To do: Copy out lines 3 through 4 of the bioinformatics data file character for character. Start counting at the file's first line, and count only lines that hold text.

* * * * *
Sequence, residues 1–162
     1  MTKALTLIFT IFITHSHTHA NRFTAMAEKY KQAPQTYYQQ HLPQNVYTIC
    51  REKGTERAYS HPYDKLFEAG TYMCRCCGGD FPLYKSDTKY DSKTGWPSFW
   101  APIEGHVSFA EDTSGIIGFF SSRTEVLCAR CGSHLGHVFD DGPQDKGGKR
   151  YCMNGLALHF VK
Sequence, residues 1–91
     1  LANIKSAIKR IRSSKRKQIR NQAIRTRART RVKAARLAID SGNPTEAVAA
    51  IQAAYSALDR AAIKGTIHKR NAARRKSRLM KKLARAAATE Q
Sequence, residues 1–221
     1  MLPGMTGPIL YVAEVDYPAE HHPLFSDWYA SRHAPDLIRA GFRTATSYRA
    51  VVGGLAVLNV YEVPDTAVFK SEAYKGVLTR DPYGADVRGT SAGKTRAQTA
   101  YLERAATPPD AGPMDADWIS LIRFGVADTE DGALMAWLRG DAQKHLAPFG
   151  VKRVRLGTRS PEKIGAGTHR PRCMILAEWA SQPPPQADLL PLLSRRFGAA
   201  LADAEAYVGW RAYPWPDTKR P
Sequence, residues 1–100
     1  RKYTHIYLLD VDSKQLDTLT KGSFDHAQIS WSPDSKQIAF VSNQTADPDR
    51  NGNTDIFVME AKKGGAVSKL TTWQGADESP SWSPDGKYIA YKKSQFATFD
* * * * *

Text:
    51  REKGTERAYS HPYDKLFEAG TYMCRCCGGD FPLYKSDTKY DSKTGWPSFW
   101  APIEGHVSFA EDTSGIIGFF SSRTEVLCAR CGSHLGHVFD DGPQDKGGKR